“Obama may do things you progressives find distasteful, but at least marvel at how thoughtful and torn up he is about it all…”

With growing domestic political difficulties – the continued fall-out from Benghazi, the IRS caught targeting political opponents, the increased invocation of the 1917 Espionage Act against troublesome journalists, to name but three issues – US President Barack Obama is probably looking forward to his short June break at Lough Erne.  In the meantime, though, take the time to read Glenn Greenwald’s excellent analysis of Obama’s recent ‘war on terror’ speech.  From Glenn Greenwald’s post

But whatever else is true, what should be beyond dispute at this point is that Obama’s speeches have very little to do with Obama’s actions, except to the extent that they often signal what he intends not to do. How many times does Obama have to deliver a speech embracing a set of values and polices, only to watch as he then proceeds to do the opposite, before one ceases to view his public proclamations as predictive of his future choices? Speeches, especially presidential ones, can be significant unto themselves in shaping public perceptions and setting the terms of the debate, so Obama’s explicit discussion of the “ultimate” ending of the war on terror can be reasonably viewed as positive.

But it signals nothing about what he actually will do. I’m genuinely amazed that there are still smart people who treat these speeches as though they do. As Esquire’s Tom Junod put it after the speech: “if the Lethal Presidency reminds us of anything, it’s that we should be a long way from judging this president on his rhetoric or his portrayal of himself as a moral actor.” The Atlantic’s Conor Friedersdorf added that Obama “has a long record of broken promises and misleading rhetoric on civil liberties, and it would be naive to assume that he’ll follow through on everything he said on Thursday.”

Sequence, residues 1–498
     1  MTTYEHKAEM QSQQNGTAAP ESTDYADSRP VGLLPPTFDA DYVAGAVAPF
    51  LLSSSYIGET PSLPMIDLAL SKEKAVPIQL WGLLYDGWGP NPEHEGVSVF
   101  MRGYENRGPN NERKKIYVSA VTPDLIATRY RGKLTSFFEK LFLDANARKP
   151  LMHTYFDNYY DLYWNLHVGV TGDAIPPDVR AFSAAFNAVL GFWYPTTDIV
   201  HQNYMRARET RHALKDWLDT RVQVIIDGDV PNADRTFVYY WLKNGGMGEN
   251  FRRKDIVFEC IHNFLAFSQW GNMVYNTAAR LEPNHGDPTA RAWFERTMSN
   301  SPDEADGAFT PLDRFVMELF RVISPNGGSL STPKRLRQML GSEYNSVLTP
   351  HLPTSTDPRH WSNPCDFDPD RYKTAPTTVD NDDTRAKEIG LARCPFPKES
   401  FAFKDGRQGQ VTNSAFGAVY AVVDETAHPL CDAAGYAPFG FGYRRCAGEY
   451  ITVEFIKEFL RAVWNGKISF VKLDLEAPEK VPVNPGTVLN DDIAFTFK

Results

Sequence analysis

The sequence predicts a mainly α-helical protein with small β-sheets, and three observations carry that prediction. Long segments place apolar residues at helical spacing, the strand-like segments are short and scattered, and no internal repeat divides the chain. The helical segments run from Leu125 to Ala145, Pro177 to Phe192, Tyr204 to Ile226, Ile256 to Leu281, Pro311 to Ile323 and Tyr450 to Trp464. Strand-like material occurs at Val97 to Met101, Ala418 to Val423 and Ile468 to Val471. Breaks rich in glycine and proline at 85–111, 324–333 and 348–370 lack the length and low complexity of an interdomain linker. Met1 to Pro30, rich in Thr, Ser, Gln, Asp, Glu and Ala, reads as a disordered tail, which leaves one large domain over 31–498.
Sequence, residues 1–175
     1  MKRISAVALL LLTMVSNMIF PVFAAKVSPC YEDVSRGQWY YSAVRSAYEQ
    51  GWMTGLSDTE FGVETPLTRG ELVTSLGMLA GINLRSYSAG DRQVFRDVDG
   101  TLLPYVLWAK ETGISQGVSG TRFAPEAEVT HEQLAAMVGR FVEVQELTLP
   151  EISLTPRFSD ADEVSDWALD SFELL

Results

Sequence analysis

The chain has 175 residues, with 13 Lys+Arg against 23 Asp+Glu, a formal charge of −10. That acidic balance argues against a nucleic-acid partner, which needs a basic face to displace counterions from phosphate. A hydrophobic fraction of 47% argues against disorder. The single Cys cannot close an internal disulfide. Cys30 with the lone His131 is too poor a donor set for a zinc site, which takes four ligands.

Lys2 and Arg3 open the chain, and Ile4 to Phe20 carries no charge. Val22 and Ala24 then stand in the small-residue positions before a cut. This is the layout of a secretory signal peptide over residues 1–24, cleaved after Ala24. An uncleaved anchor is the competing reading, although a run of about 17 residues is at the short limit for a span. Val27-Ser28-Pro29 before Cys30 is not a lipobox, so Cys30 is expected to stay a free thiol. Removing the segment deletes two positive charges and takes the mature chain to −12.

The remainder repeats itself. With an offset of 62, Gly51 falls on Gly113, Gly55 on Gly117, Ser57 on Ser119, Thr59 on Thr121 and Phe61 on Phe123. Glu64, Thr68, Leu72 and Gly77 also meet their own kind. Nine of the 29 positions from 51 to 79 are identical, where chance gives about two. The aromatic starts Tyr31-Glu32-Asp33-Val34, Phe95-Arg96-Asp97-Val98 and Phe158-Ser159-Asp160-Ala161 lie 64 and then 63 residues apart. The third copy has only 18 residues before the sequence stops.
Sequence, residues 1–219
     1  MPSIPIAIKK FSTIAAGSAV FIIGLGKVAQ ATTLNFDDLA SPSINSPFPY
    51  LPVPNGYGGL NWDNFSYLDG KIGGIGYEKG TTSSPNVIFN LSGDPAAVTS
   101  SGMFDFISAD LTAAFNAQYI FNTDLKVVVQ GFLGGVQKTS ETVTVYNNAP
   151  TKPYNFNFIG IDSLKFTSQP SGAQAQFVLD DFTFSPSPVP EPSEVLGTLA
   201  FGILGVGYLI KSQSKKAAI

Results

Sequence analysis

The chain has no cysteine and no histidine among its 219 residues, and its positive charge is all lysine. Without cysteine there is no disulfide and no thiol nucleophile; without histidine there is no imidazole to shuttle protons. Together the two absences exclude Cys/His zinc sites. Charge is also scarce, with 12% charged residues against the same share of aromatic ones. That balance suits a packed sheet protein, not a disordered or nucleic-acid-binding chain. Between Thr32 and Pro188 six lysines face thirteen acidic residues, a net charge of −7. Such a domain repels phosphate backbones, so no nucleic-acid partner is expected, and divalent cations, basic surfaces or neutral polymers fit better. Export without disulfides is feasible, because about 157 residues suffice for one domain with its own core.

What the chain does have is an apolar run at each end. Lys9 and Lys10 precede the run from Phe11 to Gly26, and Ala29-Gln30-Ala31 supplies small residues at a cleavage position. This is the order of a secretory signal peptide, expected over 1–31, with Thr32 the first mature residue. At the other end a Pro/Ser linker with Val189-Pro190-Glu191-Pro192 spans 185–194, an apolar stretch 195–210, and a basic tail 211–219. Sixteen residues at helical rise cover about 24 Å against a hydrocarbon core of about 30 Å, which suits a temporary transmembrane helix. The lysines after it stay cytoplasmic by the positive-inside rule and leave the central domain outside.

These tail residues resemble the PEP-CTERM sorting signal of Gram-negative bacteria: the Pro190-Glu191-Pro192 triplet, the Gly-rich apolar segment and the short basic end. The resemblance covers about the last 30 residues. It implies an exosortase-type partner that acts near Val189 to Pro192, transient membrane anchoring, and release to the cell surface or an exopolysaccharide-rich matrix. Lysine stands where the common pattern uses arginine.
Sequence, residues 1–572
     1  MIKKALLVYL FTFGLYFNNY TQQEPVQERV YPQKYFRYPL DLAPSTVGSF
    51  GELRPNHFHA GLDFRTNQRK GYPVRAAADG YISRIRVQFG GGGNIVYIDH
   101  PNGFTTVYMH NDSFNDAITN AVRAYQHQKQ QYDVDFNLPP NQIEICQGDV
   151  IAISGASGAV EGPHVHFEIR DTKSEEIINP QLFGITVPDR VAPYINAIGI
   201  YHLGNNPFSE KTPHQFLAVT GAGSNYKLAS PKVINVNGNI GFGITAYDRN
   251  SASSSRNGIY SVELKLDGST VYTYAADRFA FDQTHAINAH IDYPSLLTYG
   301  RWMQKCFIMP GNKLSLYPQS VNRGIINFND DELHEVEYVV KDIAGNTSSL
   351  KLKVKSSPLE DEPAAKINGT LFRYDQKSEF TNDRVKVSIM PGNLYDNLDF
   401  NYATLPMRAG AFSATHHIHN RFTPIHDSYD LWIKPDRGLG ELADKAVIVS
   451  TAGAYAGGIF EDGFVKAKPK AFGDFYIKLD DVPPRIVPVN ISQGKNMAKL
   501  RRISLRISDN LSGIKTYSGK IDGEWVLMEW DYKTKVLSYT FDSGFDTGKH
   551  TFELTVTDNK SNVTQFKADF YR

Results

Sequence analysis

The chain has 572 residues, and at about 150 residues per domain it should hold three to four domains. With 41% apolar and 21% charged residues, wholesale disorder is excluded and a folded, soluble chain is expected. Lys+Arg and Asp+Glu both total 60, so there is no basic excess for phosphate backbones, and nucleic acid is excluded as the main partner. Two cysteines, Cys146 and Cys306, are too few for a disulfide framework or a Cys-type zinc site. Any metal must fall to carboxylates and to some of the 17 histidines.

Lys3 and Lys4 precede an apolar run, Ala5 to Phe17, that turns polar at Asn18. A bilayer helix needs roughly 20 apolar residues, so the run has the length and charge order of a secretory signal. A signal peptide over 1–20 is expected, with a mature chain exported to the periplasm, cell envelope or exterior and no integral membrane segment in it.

What Obama has specialized in from the beginning of his presidency is putting pretty packaging on ugly and discredited policies. The cosmopolitan, intellectualized flavor of his advocacy makes coastal elites and blue state progressives instinctively confident in the Goodness of whatever he’s selling, much as George W. Bush’s swaggering, evangelical cowboy routine did for red state conservatives. The CIA presciently recognized this as a valuable asset back in 2008 when they correctly predicted that Obama’s election would stem the tide of growing antiwar sentiment in western Europe by becoming the new, more attractive face of war, thereby converting hordes of his admirers from war opponents into war supporters. This dynamic has repeated itself over and over in other contexts, and has indeed been of great value to the guardians of the status quo in placating growing public discontent about their economic insecurity and increasingly unequal distribution of power and wealth. However bad things might be, we at least have a benevolent, kind-hearted and very thoughtful leader doing everything he can to fix it.

The clear purpose of Obama’s speech was to comfort progressives who are growing progressively more uncomfortable with his extreme secrecy, wars on press freedom, seemingly endless militarism and the like. For the most part, their discomfort is far more about the image being created of the politician they believed was unique and even transcendent than it is any substantive opposition to his policies. No progressive wants to believe that they placed such great trust and adoration in a political figure who is now being depicted as some sort of warped progeny of Richard Nixon and Dick Cheney. That creates internal discomfort and even shame. This speech was designed to allow progressives once again to see Barack Obama as they have always wanted to see him, his policies notwithstanding: as a deeply thoughtful, moral, complex leader who is doing his level best, despite often insurmountable obstacles, to bring about all those Good Things that progressives thought they would be getting when they empowered him.